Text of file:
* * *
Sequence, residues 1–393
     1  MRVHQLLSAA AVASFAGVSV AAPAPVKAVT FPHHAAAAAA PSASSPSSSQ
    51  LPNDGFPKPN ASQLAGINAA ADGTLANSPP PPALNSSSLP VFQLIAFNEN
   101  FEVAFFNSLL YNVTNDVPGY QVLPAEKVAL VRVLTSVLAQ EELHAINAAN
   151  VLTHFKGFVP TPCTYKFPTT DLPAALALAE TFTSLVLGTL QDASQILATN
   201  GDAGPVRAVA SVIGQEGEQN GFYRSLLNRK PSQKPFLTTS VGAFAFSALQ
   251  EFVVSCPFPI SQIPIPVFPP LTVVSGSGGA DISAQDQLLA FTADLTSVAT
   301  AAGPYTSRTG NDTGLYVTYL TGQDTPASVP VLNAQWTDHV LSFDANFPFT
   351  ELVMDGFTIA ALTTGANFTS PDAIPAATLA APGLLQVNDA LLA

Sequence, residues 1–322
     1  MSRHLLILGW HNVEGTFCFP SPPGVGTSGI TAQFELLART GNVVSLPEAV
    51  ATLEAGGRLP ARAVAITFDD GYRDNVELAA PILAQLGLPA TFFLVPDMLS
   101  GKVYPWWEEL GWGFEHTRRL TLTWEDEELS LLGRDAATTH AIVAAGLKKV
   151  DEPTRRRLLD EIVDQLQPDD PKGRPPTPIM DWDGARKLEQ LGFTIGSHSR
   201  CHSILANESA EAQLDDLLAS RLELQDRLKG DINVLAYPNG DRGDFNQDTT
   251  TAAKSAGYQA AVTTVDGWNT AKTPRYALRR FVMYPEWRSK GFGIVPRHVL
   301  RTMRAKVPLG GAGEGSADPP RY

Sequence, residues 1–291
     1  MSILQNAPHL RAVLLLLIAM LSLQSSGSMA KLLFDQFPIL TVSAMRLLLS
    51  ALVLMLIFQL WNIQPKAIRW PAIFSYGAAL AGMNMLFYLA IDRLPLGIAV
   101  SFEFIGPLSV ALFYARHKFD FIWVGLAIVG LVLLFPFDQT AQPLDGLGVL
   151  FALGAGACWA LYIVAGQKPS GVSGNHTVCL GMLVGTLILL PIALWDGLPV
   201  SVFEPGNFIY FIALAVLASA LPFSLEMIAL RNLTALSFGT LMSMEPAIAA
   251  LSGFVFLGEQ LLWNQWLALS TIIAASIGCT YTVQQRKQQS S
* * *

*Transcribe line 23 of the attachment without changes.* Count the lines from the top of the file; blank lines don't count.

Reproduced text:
   201  SVFEPGNFIY FIALAVLASA LPFSLEMIAL RNLTALSFGT LMSMEPAIAA